L.A. GrapevineHollywood Boulevard was typically crazy. At Mann's Chinese, tourists gawked over movie star footprints, a man with an antenna on his head held court among 12/01/2004 7:00 AM Eastern
Hollywood Boulevard was typically crazy. At Mann's Chinese, tourists gawked over movie star footprints, a man with an antenna on his head held court among the souvenir sellers and everybody was snapping photos. Across the street, in the lobby of a converted Masonic Temple in the El Capitan Entertainment Center, Jimmy Kimmel Live's crew was setting up for Slipknot's soundcheck. Through doors that opened onto the street, you could glimpse the action, but I went around back, checked in with the guard and was shown to the lair of JKL's veteran music mixer, Bart Chiate.
Chiate mixes the house band and musical guest feeds for the broadcast mix, which is manned by production mixer Mark King. He's a master multitasker; when I arrived, he was watching the news, chatting on the phone with an equipment dealer and arranging 38 band inputs — including 16 for drums — all the while keeping an ear tuned to the backstage intercom chatter. It was an engineer's nightmare: a drum kit enhanced with two kick drums, two marching snares and two of Slipknot's signature beer keg toms. And the drum mics were patched into the console from the drummer's perspective — the opposite from how you see them looking at your TV screen.
“They use a lot of ear monitors,” says Chiate. “It was more efficient to let the band use their own dialed-in monitor console. Slipknot's monitor engineer works from the drummer's perspective and didn't want to re-patch, so we moved things to fit our template. We don't have a patchbay, so it was extra work. But when you're mixing to picture, if everything is camera left to right, what you're reaching for is automatic. If it's not, it can get very interesting.”
Set up comfortably to deal with the chaos, Chiate's neat control room, designed with the help of Bruce Maddox of Cups 'N Strings (L.A.), is decorated with Navajo rugs, an Ionic Breeze air purifier and framed Japanese kanji. Modular furniture by Bob Merritt houses a sound system designed by Paul Sandweiss.
The main Sandweiss package comprises three cascading Yamaha 02R consoles configured so that both house and guest bands are mixed from the same console. Two 56-pair snakes feed it: one from the six-member house band and the other from the guest band set up in either the lobby, the back parking lot or a thrust off the main stage. The house band is hard-wired into 48 channels of True System Precision 8 mic pre's, which feed analog I/O cards in the 02Rs. The signal is then sent via a routing scene to the input faders. The guest band, called up when needed, is hard-wired to the mic pre's of the 02R and sent to the input path via another routing scene.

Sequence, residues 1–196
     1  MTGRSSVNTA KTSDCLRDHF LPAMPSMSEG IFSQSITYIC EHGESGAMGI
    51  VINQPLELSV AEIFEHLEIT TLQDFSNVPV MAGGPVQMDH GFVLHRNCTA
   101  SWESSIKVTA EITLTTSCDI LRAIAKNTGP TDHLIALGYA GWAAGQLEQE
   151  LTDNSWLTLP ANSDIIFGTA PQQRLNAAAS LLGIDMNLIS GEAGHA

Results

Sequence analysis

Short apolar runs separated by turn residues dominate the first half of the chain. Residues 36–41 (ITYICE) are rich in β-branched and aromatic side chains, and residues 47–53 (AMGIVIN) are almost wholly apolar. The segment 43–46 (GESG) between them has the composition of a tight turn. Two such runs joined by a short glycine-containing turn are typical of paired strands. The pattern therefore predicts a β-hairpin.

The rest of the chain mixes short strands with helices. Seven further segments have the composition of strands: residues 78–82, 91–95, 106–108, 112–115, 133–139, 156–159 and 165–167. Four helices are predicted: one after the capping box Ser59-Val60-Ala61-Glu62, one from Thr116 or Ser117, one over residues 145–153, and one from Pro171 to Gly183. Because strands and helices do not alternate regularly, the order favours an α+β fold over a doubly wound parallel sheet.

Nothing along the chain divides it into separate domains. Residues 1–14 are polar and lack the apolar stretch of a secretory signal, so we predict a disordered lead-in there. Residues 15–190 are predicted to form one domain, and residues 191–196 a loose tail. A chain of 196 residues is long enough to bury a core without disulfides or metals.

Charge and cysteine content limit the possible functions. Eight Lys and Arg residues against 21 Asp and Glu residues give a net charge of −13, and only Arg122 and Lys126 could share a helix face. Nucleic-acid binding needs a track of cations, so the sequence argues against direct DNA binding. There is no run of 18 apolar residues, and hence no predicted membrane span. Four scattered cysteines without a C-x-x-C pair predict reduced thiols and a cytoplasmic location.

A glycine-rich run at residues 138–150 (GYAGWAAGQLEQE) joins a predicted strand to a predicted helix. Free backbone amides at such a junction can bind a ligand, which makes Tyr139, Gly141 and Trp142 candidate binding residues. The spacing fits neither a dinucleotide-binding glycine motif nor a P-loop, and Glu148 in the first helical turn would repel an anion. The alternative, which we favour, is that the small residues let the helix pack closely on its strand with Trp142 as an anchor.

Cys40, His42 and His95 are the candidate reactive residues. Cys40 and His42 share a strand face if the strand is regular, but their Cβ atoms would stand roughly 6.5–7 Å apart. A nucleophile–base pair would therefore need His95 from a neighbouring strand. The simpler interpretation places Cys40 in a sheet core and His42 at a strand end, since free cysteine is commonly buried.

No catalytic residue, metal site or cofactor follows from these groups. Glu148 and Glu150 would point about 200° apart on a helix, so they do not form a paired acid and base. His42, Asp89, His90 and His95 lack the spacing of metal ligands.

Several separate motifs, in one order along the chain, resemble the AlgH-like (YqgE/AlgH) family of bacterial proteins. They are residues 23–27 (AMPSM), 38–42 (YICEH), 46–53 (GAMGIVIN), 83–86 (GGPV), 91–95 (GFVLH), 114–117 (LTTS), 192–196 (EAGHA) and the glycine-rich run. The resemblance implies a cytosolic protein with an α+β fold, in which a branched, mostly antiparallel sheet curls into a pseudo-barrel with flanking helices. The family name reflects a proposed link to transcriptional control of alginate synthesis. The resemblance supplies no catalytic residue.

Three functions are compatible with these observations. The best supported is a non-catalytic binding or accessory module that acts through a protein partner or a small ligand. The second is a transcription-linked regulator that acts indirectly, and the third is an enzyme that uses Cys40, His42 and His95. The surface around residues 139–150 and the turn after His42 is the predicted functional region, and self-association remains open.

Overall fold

The show is recorded 24-bit/48k to 48 channels of Nuendo and Tascam DA-78. Program material leaves the console via AES to six Nuendo DD8 format converters and then via Lightpipe to Nuendo and TDIF to the DA-78s. AES output is returned to the console. “With the converters, I can send from the console to both recording devices simultaneously and monitor off either the system or the console return,” notes Chiate. “Also, I can move 48 tracks from one device to another with the push of a button! Okay, actually six buttons, but it's pretty slick.”
It's a lively scene all afternoon. Segment producers run in with requests for band pre-records for various show elements — such as a cue by the house band's guitarist — and a wall of sound enters from the lobby each time the door opens. “Jimmy doesn't see most of the video clips until about 5 p.m.,” says Chiate, “so there may be a lot of changes.”
Currently, Sony is sponsoring the JKL music stages, with selected bands' music — recorded on the set — available for download from Sony Connect (www.connect.com). It's an additional job for Chiate, who must immediately post-show make mixes of the performances (“Hopefully, with no fixes!” he says with a laugh) for transfer to the Sony Website. “Essentially, we use the broadcast two-mix,” he comments, “but we also include a lot of off-air performances. I have to do some editing, removing voice-overs, et cetera, which I do in Steinberg's 2-channel WaveLab. It can be quite a task. Steinberg's Ted Rackley and Greg Ondo have been really helpful. Thanks to Nuendo and WaveLab, I can go pretty fast. It takes about an hour per song.”
The Sony/JKL project is taking off: Korn, for example, recorded nine songs. When we spoke, all of next week's musical guests were booked for downloading, including Tears for Fears, Elvis Costello and Jimmy Eat World. “It's great fun mixing a live show and then, essentially, a live record,” Chiate says, laughing. “But I expect to be a burnt unit by the end of next week!”
Got L.A. stories? E-mail MaureenDroney@aol.com.